University of Minnesota to pay $200K in president search
Aug. 11, 2018
MINNEAPOLIS (AP) — The University of Minnesota's Board of Regents will pay a search firm $200,000 to help land a new president.
University President Eric Kaler is retiring in about 11 months. Regents are working with Storbeck, Pimentel & Associates to find a new president, Minnesota Public Radio reported. The firm said the best candidates for the job rarely apply for the position and have to be "coaxed into it."
The university has created a website as part of the search. People can submit nominations to the search committee, which will include regents, faculty, students, staff, alumni, benefactors and other community members. Committee members will be announced next month.
The search firm estimates that the process will take about three and a half months once the search committee is in place.
Regent Randy Simonson said he hopes to find a president who knows the state's agriculture and is able to make connections to a growingly diverse rural Minnesota. Regent Darrin Rosha hopes to find a candidate who isn't looking for a large salary and views the position as public service.
Students want someone who will support issues that are important to the student body, such as tuition, sexual violence on campus and student mental health, said Mina Kian, the incoming vice president for the Minnesota Student Association.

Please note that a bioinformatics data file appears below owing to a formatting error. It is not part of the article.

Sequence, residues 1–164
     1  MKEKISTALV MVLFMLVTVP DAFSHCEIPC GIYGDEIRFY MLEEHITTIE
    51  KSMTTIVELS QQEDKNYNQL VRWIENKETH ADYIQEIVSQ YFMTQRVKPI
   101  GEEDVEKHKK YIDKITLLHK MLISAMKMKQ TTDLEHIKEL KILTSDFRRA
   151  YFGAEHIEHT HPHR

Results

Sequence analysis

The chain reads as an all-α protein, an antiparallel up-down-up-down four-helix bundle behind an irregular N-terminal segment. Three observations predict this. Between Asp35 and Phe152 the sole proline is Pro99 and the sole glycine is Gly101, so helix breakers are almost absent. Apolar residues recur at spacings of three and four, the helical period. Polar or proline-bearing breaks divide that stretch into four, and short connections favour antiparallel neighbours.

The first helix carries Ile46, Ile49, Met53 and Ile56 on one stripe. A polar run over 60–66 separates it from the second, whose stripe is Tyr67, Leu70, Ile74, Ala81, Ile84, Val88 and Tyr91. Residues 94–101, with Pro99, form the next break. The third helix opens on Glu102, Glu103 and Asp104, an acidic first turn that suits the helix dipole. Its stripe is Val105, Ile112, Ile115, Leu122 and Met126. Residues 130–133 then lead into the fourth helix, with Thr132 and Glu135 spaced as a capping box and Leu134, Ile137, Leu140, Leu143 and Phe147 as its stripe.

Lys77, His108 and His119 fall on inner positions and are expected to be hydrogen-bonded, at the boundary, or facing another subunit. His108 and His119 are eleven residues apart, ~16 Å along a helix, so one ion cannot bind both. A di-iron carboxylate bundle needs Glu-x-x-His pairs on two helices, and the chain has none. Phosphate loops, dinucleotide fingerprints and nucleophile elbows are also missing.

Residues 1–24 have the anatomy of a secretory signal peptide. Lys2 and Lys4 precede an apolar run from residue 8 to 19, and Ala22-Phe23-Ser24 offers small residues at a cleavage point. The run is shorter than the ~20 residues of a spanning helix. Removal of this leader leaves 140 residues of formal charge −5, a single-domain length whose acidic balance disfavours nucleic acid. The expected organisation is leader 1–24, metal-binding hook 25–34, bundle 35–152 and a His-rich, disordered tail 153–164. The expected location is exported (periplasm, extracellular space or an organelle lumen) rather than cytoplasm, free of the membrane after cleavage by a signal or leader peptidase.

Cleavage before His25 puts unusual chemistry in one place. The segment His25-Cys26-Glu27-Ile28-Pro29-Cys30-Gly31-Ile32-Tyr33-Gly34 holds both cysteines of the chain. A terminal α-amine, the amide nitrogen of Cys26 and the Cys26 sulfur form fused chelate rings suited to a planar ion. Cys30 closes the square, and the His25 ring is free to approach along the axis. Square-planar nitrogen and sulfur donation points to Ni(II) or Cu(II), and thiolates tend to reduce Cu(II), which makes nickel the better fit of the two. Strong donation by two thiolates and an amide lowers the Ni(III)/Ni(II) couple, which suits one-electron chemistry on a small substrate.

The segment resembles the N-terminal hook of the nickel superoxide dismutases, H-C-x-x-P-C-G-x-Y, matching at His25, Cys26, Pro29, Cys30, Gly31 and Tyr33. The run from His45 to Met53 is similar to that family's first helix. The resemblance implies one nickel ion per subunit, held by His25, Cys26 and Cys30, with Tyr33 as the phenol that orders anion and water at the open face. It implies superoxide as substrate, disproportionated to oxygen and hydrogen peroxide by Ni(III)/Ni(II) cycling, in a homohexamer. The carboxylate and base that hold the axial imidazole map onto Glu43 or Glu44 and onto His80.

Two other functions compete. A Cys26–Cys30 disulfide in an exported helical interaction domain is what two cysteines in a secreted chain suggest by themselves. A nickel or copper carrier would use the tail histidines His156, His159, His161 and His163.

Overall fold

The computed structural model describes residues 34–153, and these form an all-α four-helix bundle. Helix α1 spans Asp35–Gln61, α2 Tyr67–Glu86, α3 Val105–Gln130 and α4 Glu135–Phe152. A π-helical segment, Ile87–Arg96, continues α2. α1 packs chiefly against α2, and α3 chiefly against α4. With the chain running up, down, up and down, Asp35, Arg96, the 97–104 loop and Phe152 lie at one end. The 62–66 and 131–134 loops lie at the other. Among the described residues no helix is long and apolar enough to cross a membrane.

"Someone who has a very student-centric opinion on how they need to govern our institution, somebody who prioritizes a lot of the topics that students collectively have been working to advocate for," Kian said.
The faculty senate executive committee is most interested in a leader who has experience as a teacher and in a leadership role at a similar institution, said Joseph Konstan, the head of the faculty senate. The committee was torn on the idea of having a former business leader head the university and was hesitant about having a political figure, he said.
"I think we have a lot of concern that even though there are examples of political leaders who have been successful, that we don't think that's probably the right fit for this university of this state," he said.
Information from: Minnesota Public Radio News, http://www.mprnews.org